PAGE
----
The United States has exported many concepts to the rest of the world over the years: blue jeans, fast-food hamburger joints and now warehouse club stores. PriceSmart is a warehouse club based in San Diego but with no retail locations in the United States. This club concept has taken root in 13 countries in Central and South America and the Caribbean and is seeing consistent and steady growth.
PriceSmart offers an array of products, from electronics and furniture to fresh produce and baked goods, all of which can be accessed through one annual payment of a membership fee. Members recuperate this fee through their savings on purchases.
“The value proposition comes from the quality and the pricing, but also from the large sizes,” explains Frank Diaz, senior vice president of distribution and logistics. “Customers get a lot more for their money.”
PriceSmart has seen its business practically double in the last four years, according to Diaz. “We have been able to see some solid results in terms of sales and also getting solid returns on assets,” he explains. “As of July of this year, we had a 20 percent growth [in 2012]. We are very pleased.”
The latest additions to the PriceSmart family are three Clubs in Colombia, the company’s first incursion in South America, with the last one expected to open in 2013.
The company combines U.S. products and local ones. Although the items may come from different places, they all have one thing in common: quality. “What puts everything on the same playing field is the quality,” Diaz explains. “We try to get the best products for the best price available. So, we manage a limited number of items – about 2,500 – so we have a value proposition.”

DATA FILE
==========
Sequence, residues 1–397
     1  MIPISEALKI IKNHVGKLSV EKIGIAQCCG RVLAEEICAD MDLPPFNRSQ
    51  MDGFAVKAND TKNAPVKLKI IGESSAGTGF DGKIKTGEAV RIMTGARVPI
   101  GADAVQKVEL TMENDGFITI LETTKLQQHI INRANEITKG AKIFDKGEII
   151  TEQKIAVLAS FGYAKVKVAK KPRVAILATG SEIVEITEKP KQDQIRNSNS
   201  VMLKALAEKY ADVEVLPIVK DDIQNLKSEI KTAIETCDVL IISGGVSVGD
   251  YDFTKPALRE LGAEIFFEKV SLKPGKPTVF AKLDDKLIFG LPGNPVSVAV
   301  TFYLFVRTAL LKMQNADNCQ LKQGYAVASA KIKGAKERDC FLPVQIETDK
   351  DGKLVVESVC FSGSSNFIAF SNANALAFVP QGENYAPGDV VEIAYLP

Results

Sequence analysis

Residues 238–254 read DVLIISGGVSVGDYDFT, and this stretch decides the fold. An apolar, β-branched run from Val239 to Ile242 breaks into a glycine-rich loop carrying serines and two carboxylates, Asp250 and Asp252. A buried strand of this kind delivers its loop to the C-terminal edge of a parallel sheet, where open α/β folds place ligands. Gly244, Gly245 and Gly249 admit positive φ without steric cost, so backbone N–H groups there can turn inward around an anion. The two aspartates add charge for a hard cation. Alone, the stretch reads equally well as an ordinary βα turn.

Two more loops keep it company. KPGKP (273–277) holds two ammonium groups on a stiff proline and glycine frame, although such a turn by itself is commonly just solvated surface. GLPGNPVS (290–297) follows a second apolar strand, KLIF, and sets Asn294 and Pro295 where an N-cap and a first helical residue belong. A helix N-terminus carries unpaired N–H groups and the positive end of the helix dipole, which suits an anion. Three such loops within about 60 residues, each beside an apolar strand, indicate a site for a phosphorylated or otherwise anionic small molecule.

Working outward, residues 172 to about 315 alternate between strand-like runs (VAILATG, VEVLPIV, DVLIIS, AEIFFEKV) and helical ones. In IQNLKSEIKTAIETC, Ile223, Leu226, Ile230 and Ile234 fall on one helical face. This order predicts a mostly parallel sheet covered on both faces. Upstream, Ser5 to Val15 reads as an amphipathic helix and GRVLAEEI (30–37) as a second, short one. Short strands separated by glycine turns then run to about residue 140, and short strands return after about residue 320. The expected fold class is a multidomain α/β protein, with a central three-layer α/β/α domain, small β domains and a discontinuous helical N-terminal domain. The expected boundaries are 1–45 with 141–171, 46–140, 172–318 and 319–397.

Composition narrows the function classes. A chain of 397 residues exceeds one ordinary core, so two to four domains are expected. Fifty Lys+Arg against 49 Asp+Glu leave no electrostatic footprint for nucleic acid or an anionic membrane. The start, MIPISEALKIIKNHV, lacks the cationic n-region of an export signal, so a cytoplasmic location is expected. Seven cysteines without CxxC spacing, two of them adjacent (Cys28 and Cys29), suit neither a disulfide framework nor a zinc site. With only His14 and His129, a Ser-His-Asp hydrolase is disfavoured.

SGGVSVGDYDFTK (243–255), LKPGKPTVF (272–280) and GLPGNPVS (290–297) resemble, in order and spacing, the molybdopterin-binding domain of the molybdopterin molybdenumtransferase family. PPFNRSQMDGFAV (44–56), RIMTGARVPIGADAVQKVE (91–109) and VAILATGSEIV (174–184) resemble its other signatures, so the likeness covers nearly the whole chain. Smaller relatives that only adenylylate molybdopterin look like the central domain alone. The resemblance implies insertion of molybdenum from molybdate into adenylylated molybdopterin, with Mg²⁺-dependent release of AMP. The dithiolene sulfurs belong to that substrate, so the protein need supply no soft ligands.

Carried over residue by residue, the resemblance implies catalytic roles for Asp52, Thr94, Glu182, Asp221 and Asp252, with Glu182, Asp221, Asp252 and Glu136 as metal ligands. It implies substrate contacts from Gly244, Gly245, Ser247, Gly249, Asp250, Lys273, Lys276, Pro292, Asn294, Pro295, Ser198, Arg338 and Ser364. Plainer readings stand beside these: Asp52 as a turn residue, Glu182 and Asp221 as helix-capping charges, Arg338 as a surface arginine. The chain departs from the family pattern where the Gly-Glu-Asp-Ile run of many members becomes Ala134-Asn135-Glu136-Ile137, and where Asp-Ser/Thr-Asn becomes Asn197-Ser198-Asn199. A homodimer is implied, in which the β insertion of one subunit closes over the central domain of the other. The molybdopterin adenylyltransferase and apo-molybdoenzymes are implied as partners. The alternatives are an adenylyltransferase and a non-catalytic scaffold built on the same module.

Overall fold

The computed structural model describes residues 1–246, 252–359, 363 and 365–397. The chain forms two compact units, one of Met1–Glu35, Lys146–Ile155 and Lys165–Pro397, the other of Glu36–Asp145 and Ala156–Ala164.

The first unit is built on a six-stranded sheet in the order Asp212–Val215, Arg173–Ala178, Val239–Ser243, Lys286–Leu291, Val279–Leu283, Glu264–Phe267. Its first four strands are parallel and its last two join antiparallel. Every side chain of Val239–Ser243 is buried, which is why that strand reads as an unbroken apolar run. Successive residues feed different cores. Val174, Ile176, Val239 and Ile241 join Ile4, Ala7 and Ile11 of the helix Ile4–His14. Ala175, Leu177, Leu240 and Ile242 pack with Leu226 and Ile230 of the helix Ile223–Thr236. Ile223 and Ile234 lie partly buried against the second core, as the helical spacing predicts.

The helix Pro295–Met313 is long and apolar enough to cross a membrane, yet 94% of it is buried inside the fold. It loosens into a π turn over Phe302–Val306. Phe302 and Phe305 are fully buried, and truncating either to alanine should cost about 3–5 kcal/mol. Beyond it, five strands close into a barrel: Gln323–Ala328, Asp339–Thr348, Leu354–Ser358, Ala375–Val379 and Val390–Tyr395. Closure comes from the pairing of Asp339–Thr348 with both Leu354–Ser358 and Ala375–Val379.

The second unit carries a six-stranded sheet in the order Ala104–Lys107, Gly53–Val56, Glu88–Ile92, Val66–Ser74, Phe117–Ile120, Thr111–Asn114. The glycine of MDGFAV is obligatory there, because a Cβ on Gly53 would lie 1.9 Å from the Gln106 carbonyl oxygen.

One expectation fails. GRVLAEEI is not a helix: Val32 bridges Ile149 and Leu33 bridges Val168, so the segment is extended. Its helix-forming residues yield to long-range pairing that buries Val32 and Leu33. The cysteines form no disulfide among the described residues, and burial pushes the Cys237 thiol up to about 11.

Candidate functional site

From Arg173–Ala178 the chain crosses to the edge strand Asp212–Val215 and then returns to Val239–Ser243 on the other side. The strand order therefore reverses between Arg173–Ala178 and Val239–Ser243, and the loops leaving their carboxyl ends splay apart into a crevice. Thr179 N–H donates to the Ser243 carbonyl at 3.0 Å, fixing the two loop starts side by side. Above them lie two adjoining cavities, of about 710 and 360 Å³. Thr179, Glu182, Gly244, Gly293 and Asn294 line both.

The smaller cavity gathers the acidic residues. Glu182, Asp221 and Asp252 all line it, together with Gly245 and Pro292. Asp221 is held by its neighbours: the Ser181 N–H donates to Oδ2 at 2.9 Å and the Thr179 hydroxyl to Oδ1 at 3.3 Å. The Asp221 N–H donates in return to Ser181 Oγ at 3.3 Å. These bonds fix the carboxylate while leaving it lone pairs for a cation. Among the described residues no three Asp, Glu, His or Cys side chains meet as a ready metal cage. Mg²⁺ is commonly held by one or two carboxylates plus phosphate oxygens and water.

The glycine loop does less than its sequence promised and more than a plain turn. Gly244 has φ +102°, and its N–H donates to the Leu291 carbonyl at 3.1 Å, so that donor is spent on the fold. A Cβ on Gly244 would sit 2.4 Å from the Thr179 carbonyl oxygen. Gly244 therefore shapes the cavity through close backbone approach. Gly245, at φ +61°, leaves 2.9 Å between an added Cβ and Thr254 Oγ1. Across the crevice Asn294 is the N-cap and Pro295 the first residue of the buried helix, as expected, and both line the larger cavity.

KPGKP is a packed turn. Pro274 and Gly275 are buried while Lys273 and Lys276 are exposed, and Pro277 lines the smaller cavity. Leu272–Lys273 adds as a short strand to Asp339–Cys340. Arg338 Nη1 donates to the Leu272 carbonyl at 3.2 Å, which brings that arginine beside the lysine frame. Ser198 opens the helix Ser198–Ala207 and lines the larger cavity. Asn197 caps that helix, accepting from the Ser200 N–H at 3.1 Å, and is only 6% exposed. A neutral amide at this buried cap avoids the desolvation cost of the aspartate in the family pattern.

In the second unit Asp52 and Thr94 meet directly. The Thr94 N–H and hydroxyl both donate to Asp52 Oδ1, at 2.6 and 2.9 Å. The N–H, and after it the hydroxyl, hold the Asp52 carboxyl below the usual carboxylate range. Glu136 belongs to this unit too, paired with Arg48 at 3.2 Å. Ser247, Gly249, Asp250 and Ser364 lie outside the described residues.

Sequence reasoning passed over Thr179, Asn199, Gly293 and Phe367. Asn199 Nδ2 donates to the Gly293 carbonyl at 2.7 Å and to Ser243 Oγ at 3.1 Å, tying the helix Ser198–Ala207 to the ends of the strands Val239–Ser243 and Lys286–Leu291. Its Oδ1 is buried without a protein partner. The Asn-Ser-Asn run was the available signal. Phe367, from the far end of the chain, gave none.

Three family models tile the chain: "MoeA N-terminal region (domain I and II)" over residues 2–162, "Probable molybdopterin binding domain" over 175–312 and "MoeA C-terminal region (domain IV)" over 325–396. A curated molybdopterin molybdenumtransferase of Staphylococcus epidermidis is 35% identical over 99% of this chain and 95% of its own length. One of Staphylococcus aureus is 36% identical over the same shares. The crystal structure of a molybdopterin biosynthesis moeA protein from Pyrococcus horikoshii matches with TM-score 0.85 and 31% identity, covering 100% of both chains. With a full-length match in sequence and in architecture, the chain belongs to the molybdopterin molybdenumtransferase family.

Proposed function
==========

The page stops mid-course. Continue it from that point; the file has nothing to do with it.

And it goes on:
To keep prices low for its - members, every aspect of the supply chain has to be evaluated to ensure maximum efficiency. The distance between PriceSmart’s distribution hub in Miami and the retail sites presents some challenges that Díaz calls “unique.”
“Traditional retailers in the U.S. will have distribution centers and depots 100 to 200 miles away from their stores,” Díaz explains. “Our average distance is 500 nautical miles, which makes movement slower and more complex.”
As many as 250 shipments leave Miami each week. “I have 13 individual countries’ requirements that I have to take into consideration, so it makes it a little interesting,” Diaz explains.
“The international trade compliance aspect of our business forces us to have a strong focus on process, accuracy and execution,” he adds. “It also forces us to have a very integrated supply chain.”
To ensure that the product is shipped in a fast, effective manner, the hub in Miami employs a cross-dock concept. PriceSmart’s vendors ship their merchandise already palletized and ready to go. “Pallets will sit in our facilities for an average of three to four days, not longer,” Diaz explains. The merchandise is shipped in containers that are delivered directly to the stores.
Diaz says PriceSmart’s distribution system is working well. “We measure what we call network performance, a plan that we establish to determine how long it’s going to take the merchandise to arrive to its destination,” he explains, “We have been in the 98 percent range on-time delivery in the last couple of years.”
It is all about organization. “When you have the right players, the right plan and the right execution, reliability comes,” Díaz explains. PriceSmart has the right team to expand its warehouse concept for many years to come.
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